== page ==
Top Weight Loss Diets of 2018 Doctors Actually Recommend

Can’t lose weight, no matter how hard you try? You might simply be following the wrong diet plan.

Many popular weight loss diets are developed only to last a short time, are expensive, and don’t actually help you keep off the weight you lose while following them. Doctors generally don’t recommend those. But there are plenty they’d sign off on in a heartbeat.

These diets aren’t just ideal for long-term weight loss. They also offer major benefits to your heart, brain, and overall disease risk. Here are the evidence-based plans doctors say you should try first if you want to lose weight.

5. The MIND diet

Raw salmon fillet

Raw salmon fillet | OlenaMykhaylova/iStock/Getty Images

The Mediterranean-DASH Intervention for Neurodegenerative Delay (MIND) diet is a combination of several diet plans proven to promote long-term heart and brain health. Studies have shown the diet has the potential to reduce your risk of Alzheimer’s disease.

Following this diet involves consuming a variety of plant-based foods and lean protein sources, including green leafy vegetables, whole grains, nuts, and fish. Experts also recommend consuming moderate amounts of red wine.

Foods to avoid on the MIND diet include fried foods, red meat, cheese, and sweets.

4. Weight Watchers

This program has been around for decades — and there’s a reason it’s successful for so many people. Weight Watchers continues to update its plans and information to make it accessible and simple for everyone to follow.

The diet program encourages eating a variety of foods spread across meals, snacks, and even desserts. Using a point system to reward healthy eating, it allows dieters to eat what they want, when they want.

But when it comes down to it, it’s still about eating more fresh and minimally processed foods, consuming fewer foods high in sodium and sugar, and engaging in physical activities you enjoy.

3. Flexitarian diet

It’s sort of like going vegetarian, but not totally committing. The flexitarian diet encourages people to reduce their consumption of meat and other animal proteins without cutting them out completely, which can help promote weight loss along with other benefits.

While you limit how much beef, pork, chicken, and eggs you consume on this diet, you’re to replace those calories with plant-based sources. For example, you might eat a burger made of chickpeas instead of a traditional hamburger. A rice dish might include tofu and vegetables instead of pork.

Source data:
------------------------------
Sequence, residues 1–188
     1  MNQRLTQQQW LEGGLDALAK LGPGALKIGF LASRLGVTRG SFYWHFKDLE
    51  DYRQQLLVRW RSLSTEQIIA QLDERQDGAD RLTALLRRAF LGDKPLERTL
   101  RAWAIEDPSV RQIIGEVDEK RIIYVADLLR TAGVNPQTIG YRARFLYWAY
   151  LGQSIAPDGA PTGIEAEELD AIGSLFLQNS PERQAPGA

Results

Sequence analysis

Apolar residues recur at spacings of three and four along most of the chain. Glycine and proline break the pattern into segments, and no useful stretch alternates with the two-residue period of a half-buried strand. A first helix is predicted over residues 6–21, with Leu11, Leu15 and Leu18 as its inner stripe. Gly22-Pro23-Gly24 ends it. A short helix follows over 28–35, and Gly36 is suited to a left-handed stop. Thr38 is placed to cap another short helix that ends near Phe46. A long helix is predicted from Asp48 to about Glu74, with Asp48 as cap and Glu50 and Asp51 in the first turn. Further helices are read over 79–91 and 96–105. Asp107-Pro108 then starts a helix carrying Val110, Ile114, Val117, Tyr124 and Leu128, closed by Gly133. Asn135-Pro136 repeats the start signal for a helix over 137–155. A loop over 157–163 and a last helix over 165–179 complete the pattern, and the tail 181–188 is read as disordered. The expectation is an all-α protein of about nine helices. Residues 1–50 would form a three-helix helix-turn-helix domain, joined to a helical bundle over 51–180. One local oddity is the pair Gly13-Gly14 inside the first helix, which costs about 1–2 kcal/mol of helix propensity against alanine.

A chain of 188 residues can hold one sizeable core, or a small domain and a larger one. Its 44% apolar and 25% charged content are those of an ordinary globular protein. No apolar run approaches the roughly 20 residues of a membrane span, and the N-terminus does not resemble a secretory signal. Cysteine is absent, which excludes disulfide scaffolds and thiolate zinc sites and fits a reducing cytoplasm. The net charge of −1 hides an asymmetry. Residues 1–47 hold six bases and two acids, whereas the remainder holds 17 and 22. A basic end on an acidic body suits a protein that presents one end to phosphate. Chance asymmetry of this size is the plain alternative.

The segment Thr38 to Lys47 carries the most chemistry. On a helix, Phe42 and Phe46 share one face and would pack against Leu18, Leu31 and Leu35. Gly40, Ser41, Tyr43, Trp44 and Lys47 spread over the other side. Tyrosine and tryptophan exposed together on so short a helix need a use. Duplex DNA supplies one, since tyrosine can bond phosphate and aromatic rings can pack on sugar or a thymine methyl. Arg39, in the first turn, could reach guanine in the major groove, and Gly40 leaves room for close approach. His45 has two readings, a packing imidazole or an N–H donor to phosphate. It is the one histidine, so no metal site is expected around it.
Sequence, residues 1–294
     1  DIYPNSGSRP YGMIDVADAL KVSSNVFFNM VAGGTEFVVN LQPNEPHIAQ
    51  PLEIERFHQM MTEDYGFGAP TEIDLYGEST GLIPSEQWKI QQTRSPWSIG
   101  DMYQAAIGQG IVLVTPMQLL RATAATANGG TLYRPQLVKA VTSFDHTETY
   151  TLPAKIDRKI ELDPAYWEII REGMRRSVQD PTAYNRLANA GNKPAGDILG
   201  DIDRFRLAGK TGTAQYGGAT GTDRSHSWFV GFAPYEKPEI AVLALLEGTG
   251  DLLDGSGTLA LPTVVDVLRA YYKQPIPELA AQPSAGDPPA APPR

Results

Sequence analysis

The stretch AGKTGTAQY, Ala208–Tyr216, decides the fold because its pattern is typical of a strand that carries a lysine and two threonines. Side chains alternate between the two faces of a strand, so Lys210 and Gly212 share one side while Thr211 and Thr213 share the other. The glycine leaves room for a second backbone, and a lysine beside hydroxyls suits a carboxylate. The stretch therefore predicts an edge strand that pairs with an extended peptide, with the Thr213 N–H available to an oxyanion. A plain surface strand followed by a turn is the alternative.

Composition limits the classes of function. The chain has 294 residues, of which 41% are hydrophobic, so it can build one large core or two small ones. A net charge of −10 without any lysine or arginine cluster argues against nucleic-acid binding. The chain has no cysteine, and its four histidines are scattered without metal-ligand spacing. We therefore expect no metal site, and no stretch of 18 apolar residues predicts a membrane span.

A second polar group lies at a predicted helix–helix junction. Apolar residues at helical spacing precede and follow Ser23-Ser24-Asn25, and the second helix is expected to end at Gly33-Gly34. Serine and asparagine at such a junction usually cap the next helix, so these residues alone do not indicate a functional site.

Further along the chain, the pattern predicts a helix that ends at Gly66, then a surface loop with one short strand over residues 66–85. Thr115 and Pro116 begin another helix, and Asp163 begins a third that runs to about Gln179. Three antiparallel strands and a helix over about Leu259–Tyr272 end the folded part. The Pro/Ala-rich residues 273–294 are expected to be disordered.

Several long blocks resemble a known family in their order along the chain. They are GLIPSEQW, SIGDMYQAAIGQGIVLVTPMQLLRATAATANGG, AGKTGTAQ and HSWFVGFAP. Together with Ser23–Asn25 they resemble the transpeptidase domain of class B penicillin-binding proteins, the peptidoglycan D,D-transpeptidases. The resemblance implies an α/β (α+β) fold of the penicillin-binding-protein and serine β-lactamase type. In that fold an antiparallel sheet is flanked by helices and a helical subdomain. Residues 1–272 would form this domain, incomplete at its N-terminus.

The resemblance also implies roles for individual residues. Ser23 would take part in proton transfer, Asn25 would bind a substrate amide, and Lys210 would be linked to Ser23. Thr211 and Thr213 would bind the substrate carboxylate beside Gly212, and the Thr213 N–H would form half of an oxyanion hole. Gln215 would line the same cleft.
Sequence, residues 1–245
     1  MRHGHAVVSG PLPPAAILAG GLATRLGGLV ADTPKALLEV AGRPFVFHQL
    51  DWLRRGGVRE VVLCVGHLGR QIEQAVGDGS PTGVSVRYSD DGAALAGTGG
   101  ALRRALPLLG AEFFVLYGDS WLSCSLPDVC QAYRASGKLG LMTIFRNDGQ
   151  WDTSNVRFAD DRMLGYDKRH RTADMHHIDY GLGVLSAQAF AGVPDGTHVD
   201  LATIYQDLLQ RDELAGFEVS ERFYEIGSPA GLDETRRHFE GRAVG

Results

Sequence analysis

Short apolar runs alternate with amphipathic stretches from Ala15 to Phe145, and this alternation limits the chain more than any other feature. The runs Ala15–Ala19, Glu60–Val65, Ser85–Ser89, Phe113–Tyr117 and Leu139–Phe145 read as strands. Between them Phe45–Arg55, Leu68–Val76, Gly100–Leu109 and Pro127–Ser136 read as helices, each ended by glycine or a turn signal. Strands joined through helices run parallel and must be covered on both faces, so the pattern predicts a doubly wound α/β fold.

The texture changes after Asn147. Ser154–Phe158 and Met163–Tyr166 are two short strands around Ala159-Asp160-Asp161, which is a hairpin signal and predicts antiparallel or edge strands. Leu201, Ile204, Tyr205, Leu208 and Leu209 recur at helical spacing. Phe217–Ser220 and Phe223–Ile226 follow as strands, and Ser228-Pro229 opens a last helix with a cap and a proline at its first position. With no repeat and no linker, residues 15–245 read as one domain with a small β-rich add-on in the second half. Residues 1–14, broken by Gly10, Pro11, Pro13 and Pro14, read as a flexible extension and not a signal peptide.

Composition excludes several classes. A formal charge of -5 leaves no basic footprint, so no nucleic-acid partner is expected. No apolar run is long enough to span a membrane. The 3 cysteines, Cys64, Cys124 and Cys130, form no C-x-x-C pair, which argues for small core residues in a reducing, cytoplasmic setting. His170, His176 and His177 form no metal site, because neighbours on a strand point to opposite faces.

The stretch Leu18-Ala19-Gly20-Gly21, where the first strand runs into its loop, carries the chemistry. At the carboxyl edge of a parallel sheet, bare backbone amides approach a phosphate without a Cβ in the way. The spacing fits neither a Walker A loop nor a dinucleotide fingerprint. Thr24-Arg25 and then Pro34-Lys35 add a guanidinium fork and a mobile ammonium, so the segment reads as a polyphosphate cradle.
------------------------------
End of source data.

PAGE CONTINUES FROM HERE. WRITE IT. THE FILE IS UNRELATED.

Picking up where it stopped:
On this diet, you also have to limit your consumption of processed foods and added sugars.

2. Mediterranean diet

Pasta dish

Pasta dish | Anna_Shepulova/iStock/Getty Images

People who follow the Mediterranean diet tend to be able to maintain a healthy weight over time. They’re also more likely to live longer and less likely to develop diseases such as dementia and heart disease.

On the Mediterranean¬†diet, you tend to eat mostly plant-based foods such as whole grains, fruits, vegetables, and a variety of nuts. Fish and olive oil provide additional omega-3 fatty acids — even wine makes the cut. The diet also puts a unique emphasis on exercise, including specific recommendations in its plan.

Experts recommend cutting processed foods mostly out of your meal plan to follow this diet properly.

1. The DASH diet

The¬†Dietary Approaches to Stop Hypertension diet has held the No. 1 spot on the U.S. News and World Report’s list of top diets multiple years in a row. In 2018, the DASH and Mediterranean diets shared the top spot.

As its name suggests, DASH was originally developed to help people lower their blood pressure and decrease their risk of heart disease. Following the diet involves consuming a variety of heart-healthy foods, including a variety of whole grains, fruits and vegetables, nuts, and seeds.

Foods to eat less of on the DASH diet include foods high in saturated fat, such as sweets.

If you’ve tried a few of those trending, popular “lose weight fast” diets and haven’t found success, take the advice of experts who have your best interest in mind. These diets work. They’re all based around similar concepts, but each highlights different health benefits that might appeal to you.

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